Pair this article with:

120 Sense Writing Prompts

Examples of Sense Writing

The Best Method for Writing a Good Song


Writing better lyrics with metaphor magic

In this video, I show you how to write songs—and specifically lyrics—like Taylor Swift, Bruno Mars, and John Mayer. There is a particular type of song and songwriting that these three songwriters have in common—it’s a way to write songs that lots of songwriters use: metaphor songs. I start by defining metaphor, and share the principles and methods for creating original ideas, and furnishing them with great lyrics, just like these songwriters.

Want to write your own original lyrics? AUGUST 25/26 2022 – LIVE ONLINE METAPHOR WRITING WORKSHOP. Join in here!

6 Songs That Taught Us How to Write Songs

One of the best ways to learn how to write great songs is to learn from great songs and songwriters. In this video, songwriter Ben Romalis and I take 6 songs that each taught us a crucial principle or technique about writing great songs.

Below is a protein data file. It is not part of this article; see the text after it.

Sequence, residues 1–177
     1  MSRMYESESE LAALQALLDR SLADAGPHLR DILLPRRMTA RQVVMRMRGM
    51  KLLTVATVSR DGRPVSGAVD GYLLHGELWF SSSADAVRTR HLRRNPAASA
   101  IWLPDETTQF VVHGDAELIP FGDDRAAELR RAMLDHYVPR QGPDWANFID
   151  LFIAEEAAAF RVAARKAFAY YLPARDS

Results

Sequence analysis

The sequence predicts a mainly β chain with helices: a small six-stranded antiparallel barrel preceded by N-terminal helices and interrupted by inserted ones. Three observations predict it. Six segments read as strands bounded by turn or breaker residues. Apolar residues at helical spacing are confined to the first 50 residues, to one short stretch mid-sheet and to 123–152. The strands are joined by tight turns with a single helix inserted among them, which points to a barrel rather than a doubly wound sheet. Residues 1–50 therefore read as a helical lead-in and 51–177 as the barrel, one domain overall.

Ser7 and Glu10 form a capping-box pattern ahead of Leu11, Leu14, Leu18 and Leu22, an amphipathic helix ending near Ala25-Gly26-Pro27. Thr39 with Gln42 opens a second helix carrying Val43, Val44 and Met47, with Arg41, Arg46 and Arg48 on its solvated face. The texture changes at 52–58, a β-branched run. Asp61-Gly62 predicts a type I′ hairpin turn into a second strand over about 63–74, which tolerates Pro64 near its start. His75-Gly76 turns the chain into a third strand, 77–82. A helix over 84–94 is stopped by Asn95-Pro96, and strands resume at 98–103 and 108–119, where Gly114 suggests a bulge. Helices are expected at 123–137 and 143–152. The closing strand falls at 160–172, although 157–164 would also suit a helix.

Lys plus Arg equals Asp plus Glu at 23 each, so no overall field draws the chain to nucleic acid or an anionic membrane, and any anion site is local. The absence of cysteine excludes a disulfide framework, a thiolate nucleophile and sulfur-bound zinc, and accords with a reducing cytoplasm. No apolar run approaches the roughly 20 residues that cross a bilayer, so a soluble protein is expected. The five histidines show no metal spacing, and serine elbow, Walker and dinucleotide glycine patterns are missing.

Drawing from a range of inspirations from Radiohead, Tom Waits, to Gillian Welch and John Mayer, Benny and I talk about the specific musical or lyrical technique that we learned from these 6 great songs.

Of course, these 6 songs are just a beginning! We picked these for this video because they showcase a range of different principles and techniques: we talk here about chromaticism in chord progressions, about borrowing chords outside the key, about balancing types of language in your verses, about narrative and non-conventional song forms, about verse development and great chorus writing, and how a great intro can set your song apart.

More will come out of this series, as we explore how to listen to music so that you can extract ideas, and put them to practice in your own songwriting.

The 3 Things I Did This Year to Write Over 20 Songs

In this video, I share the three pillars of my creative practice that ensure I write even when not inspired, and have given me the structure to write over 20 songs this year.

Producing lots of creative work is more often about the habits, practices, and environments that we build, rather than about inspiration alone. These three practices give me the structures to stay connected to my ideas and projects, to know EXACTLY what I need to do if I am stuck on an idea or need to generate new ideas, and to ensure I have some accountability to get the work done.

More videos on my YouTube Channel, here.